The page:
Created by the Ensemble; Directed by Clare Stopford
Produced by the Baxter Theatre Center in Cape Town
Off Broadway, Play
Runs through 3.25.18
St. Ann's Warehouse, 45 Water Street
by Ran Xia on 3.17.18
The cast of The Fall.
BOTTOM LINE: The student is the future in this powerful piece of social justice theatre written for the #RhodesMustFall movement.
Harmony, despite its definition, is rarely about speaking in unison or absolute agreement. Indeed, it has more to do with listening, and allowing space for different voices to co-exist. And harmony is our first impression in The Fall: a succession of voices, songs, and rhythms, spinning out of a collective consciousness. Anyone who has attended a recent protest may well understand this experience of being within a larger voice. And if not, The Fall can certainly bring you into that state of mind. Its brutal honesty holds up a mirror that both reflects and amplifies its source.
This exceedingly well-made devised piece revolves around the events during and after the Rhodes Must Fall movement in South Africa, which was started almost exactly three years ago by a group of students at the University of Cape Town. Originally a protest against the statue of Cecil Rhodes on the UCT campus, the movement quickly grew into a nationwide fight to decolonize education in South Africa. The Fall follows the progression of this movement with a dynamic and poetic narrative, but it also grapples with issues within activist groups. It leads to a powerful reveal of the complexity of the student organization’s struggle against the government, and also illustrates their quest to work together in spite of their misunderstandings and disagreements.
In true devised theatre nature, The Fall shifts between realistic scenes and more abstract sequences of movement and vocalization, but it follows a chronological narrative. We meet the student activists in their meeting room. They come from a wide range of backgrounds, but are bound together by a common belief and a shared goal. Years after apartheid, we learn that the education system in South Africa is still very much westernized: African literature is marginalized in a Eurocentric syllabus, and a statue of Cecil Rhodes stands on the UCT campus. Interestingly, the progression of the student movement is marked by one constant: their disagreements with each other. Although it might seem surprising, with the romantic notion of the “all for one and one for all” attitudes of activist groups, the need to negotiate difference is profoundly truthful. Whether financially privileged or poor, man or woman, the activists must learn to work together in order to achieve what’s most urgent.
A transplant from the Edinburgh Fringe Festival, where the company received much recognition, the production at St. Ann's keeps the festival show aesthetic. The minimal set is simply three card tables that are shaped into various spaces. And the ensemble's use of vocalization is especially noteworthy. Not only does it introduce a unifying cultural framework, but it also becomes a breathtaking way to communicate with the audience. Though experimental in nature, the piece never ventures into obscurity, and whether or not you’re familiar with the history of the Rhodes Must Fall movement, you’ll find clarity after the 70-minute experience.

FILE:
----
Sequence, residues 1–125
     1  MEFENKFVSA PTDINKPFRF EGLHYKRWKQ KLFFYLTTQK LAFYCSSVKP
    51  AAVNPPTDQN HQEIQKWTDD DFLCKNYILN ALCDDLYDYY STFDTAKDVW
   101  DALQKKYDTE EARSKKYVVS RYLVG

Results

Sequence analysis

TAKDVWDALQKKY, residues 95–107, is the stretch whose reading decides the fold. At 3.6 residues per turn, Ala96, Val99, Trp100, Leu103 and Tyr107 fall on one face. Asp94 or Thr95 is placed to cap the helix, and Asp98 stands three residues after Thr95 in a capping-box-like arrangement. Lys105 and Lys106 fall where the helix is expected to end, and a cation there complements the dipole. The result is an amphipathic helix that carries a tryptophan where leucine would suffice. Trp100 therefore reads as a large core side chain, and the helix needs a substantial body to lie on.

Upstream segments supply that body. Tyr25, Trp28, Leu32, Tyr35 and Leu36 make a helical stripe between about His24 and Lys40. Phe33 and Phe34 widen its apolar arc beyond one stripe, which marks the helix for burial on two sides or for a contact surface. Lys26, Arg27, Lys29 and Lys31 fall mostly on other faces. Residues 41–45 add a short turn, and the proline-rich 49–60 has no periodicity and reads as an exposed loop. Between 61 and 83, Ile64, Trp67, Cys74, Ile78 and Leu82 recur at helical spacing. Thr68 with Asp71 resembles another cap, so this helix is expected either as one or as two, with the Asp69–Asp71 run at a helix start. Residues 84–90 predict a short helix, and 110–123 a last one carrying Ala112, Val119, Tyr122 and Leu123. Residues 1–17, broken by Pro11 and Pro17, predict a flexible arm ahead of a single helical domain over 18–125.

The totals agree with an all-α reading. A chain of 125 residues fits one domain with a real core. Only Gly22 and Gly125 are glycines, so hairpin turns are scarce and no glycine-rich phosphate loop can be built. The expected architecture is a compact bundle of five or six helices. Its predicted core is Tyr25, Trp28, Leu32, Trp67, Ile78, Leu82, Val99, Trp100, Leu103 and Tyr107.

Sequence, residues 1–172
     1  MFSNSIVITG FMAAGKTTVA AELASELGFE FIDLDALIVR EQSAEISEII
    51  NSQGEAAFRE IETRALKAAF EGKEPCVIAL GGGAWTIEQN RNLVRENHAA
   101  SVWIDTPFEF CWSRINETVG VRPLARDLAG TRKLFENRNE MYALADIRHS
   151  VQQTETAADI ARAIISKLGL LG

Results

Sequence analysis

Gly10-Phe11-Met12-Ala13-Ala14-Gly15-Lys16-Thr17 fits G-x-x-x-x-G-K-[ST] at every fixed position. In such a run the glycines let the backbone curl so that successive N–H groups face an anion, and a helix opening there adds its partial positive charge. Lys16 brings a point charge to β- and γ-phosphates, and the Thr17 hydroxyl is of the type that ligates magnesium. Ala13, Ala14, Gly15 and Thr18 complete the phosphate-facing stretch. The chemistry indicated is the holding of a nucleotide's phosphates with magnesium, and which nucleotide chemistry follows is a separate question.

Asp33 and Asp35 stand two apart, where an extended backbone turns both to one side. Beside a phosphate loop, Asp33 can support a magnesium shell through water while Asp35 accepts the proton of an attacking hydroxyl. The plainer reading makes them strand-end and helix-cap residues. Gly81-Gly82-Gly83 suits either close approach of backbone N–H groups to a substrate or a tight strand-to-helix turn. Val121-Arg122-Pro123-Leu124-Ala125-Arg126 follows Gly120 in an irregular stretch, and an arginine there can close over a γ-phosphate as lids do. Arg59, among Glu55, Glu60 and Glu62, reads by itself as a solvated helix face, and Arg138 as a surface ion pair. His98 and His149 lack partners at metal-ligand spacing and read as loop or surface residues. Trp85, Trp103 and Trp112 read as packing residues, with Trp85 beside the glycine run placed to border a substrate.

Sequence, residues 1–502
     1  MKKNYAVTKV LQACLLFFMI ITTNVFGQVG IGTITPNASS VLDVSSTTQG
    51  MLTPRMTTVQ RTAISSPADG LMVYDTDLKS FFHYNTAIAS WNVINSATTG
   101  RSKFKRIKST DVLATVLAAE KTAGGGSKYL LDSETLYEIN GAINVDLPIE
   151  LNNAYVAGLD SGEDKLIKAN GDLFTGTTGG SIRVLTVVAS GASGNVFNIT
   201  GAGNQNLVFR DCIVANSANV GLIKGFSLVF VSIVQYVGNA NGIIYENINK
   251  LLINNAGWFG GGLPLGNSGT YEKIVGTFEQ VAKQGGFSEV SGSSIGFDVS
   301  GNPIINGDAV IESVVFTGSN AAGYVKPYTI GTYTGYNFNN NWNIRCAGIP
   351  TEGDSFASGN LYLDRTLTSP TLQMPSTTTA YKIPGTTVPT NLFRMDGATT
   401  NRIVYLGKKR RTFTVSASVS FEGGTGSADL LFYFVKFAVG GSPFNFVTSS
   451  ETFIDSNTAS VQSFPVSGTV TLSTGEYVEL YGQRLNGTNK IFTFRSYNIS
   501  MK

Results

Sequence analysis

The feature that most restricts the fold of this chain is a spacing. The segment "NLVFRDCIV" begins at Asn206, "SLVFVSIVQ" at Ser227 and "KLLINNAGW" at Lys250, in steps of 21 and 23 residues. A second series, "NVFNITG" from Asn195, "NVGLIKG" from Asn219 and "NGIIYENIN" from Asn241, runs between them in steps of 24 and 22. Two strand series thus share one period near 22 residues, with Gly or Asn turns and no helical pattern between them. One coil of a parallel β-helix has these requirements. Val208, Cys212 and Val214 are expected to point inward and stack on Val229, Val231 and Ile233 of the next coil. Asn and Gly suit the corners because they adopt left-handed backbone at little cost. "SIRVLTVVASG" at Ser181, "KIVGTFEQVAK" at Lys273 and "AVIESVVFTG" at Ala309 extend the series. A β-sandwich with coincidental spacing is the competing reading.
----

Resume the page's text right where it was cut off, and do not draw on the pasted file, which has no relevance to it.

The Fall also succeeds in presenting vital concepts about decolonialization (for example, what it means to "Westernize," or shorten the name of a culture) in a way that is not in the least pedantic; rather, these theories are shown as being powered by the blood and bile of an ensemble of actor/activists who's lived through a transformative experience. Just as importantly, The Fall shows that respect is the first step towards democracy, and that, no matter one's differences with fellow activists, it is crucial to take a stand. And although specifically about the student movement in Cape Town, The Fall is urgently relevant in the U.S. on the heels of the National School Walkout in protest of gun violence, which started with a spark similarly lit by students (including many theatre kids) in Parkland, Florida.
Some say that theatre that reinforces our worldviews is entertainment, whereas theatre that disrupt or challenges them is art. In this case, the value of The Fall lies in its ability to expand our existing understanding of activism, and the challenges we face as people who are involved in the arts. The symbolic act of taking down a statue was the first spark that led to a wildfire of awakening that spread across the country, and that is the value of activism. Over the years seeing productions at St. Ann’s Warehouse, The Fall has attracted by far (from what I can tell) the most diverse audiences. I hope it marks the beginning of a new era of programming there.
(The Fall plays at St. Ann's Warehouse, 45 Water Street, through March 25, 2018. The running time is 70 minutes with no intermission. Remaining performances are Tuesdays through Fridays at 8; Saturdays at 2 and 8; and Sundays at 5. Tickets are $31-$46 and are available at stannswarehouse.org or by calling 718-254-8779.)
The Fall is created by the ensemble of the Baxter Theatre Centre. Directed by Clare Stopford. Set Design by Patrick Curtis. Costume Design by Marisa Steenkamp. Lighting Design by Luyanda Somkhence.
The cast is Ameera Conrad, Oarabile Ditsele, Zandile Madliwa, Tankiso Mamabolo, Sizwesandile Mnisi, Sihle Mnqwazana, and Cleo Raatus.